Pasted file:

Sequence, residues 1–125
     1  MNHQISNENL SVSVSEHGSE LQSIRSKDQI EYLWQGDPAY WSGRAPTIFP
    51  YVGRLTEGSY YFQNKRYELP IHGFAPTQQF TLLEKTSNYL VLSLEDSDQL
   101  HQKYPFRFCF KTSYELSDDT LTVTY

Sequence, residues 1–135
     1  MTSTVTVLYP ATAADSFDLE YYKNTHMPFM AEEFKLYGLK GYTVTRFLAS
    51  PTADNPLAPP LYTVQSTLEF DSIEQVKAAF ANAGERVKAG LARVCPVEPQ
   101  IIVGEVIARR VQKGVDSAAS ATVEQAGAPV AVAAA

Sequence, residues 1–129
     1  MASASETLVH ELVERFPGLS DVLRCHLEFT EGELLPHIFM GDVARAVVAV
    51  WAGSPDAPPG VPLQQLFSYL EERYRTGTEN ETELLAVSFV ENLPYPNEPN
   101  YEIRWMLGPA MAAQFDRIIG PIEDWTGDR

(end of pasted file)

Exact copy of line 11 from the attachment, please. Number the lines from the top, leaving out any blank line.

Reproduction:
    51  WAGSPDAPPG VPLQQLFSYL EERYRTGTEN ETELLAVSFV ENLPYPNEPN